Israel Advocates Relieved After Labor Union at Canadian University Fails to Pass Pro-BDS Referendum
Israel advocates expressed relief on Tuesday following the failure of an academic professional labor union to pass a pro-boycott, divestment and sanctions (BDS) referendum into its bylaws last week.
Aidan Fishman, the campus advocacy coordinator for B’nai Brith Canada, a Jewish human rights group, said that there could have been serious ramifications if BDS had been approved by the Teaching Support Staff Union (TSSU) of Simon Fraser University (SFU) in British Columbia (BC).
“Since the TSSU is a bona fide labor union, rather than a mere student association, any adoption of BDS would have been unlawful, likely triggering a legal response,” Fishman explained. “Section 7 of the BC Human Rights Code makes it illegal for a labor union to publish any intent to discriminate based on ancestry or place of origin, of which BDS is a classic example.”
According to Section 7, on “Discriminatory publication”:
(1) A person must not publish, issue or display, or cause to be published, issued or displayed, any statement, publication, notice, sign, symbol, emblem or other representation that
(a) indicates discrimination or an intention to discriminate against a person or a group or class of persons, or
(b) is likely to expose a person or a group or class of persons to hatred or contempt
because of the race, colour, ancestry, place of origin, religion, marital status, family status, physical or mental disability, sex, sexual orientation, gender identity or expression, or age of that person or that group or class of persons.
(2) Subsection (1) does not apply to a private communication, a communication intended to be private or a communication related to an activity otherwise permitted by this Code.
The referendum, voted on by electronic ballot from May 15-19, would have instituted a TSSU-wide boycott of Israeli goods produced by companies supposedly “involved in the violation of Palestinian Human Rights, as well as complicit sporting, cultural and academic institutions”; divestment from “any Israeli or non-Israeli company, bank, fund, university or any institution participating in the oppression of Palestinians”; urged the Canadian government “to enact Sanctions against Israel and fulfill its legal obligation to hold Israel accountable to its violations of international law”; and called on SFU, its student groups and the labour movement “to take equivalent actions to support [BDS].”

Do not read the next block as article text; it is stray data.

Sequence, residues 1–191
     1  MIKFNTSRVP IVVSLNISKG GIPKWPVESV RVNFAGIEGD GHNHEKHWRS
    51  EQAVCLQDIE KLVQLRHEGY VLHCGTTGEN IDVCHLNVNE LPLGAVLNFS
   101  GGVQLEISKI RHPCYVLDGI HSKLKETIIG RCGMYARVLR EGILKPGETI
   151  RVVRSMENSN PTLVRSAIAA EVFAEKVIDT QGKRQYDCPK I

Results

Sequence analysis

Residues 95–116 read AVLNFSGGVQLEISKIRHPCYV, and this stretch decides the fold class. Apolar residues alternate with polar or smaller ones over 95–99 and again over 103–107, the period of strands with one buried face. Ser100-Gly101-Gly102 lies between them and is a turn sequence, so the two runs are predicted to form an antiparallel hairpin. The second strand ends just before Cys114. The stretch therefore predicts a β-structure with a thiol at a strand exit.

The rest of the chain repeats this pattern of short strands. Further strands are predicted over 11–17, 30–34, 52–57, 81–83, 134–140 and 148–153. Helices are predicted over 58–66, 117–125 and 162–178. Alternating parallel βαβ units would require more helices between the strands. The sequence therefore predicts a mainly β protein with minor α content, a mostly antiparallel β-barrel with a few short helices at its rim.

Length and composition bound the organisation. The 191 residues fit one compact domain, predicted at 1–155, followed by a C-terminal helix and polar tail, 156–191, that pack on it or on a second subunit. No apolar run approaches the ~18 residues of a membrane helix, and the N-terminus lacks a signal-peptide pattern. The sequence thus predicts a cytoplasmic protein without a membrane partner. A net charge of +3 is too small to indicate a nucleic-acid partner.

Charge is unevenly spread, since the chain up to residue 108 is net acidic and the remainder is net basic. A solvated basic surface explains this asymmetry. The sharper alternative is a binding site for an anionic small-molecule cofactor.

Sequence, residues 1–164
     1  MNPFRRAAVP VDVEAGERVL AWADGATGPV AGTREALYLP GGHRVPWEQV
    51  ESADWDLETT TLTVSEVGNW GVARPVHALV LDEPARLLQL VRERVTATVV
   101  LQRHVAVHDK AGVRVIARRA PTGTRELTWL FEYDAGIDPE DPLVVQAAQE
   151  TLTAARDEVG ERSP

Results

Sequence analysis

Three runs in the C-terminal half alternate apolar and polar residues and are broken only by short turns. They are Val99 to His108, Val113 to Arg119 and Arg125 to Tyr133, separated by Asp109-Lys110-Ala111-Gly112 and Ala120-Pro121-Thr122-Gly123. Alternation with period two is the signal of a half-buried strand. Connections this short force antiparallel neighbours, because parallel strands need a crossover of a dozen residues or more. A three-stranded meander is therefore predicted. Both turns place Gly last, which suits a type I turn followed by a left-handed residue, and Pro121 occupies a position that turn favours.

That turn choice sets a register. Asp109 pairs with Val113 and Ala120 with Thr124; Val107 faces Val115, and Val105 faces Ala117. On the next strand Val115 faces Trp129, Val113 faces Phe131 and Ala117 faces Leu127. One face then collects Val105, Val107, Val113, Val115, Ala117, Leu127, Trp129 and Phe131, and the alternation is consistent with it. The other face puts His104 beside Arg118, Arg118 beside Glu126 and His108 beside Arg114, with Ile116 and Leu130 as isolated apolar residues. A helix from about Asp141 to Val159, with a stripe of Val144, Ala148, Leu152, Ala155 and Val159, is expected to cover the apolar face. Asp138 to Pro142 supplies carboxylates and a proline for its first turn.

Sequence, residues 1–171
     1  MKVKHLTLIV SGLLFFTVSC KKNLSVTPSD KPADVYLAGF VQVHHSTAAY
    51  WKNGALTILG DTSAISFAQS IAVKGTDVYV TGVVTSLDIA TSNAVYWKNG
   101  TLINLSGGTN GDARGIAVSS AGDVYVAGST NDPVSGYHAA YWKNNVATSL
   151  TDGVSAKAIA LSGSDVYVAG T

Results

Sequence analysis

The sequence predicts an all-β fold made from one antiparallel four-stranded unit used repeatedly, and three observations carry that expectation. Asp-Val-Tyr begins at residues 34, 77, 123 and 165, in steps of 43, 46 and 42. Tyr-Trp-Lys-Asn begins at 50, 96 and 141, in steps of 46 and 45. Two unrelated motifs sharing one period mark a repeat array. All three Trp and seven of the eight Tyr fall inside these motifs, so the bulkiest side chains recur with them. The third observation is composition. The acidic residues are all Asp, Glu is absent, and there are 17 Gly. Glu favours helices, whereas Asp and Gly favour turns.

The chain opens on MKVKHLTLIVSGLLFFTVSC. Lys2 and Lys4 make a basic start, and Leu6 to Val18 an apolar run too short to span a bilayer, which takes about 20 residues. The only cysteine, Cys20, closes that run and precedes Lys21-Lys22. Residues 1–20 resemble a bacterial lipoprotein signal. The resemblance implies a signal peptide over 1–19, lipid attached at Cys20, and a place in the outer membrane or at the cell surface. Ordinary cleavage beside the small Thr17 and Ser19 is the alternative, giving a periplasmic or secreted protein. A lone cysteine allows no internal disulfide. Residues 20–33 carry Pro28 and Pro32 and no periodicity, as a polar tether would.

The Centre for Israel and Jewish Affairs (CIJA), Hillel BC and StandWithUs Canada (SWU) worked in concert to oppose the BDS referendum after it was proposed by at TSSU’s general membership meeting in January 2017.
In addition, nearly 100 SFU faculty and staff members signed a letter urging the TSSU to “vote no” — which members ultimately did, 227 to 186.
Nico Slobinsky, director of CIJA’s office in the Pacific Region, said in a statement on Monday that anti-Israel initiatives contradicted “the principles of inclusion and tolerance and often violate human rights codes…[and] have no place on a campus that purports to celebrate diversity and meaningful debate.”
SWU Canada’s executive director Meryle Kates, said in a press release that she was “proud that SFU graduate students and faculty members came together to ensure that their university stands on the right side of history.”
Hillel BC representatives could not immediately be reached for comment.
“This is just the latest in a string of defeats for BDS in BC, including a building [trade] school reversing its policy of not accepting Israeli students in January, the failure of a BDS referendum at UBC [University of British Columbia] in April, and now this referendum result,” B’nai Brith’s Fishman noted.
In the past, there have been charges filed in Canada against anti-Israel activists alleged to have committed human rights violations.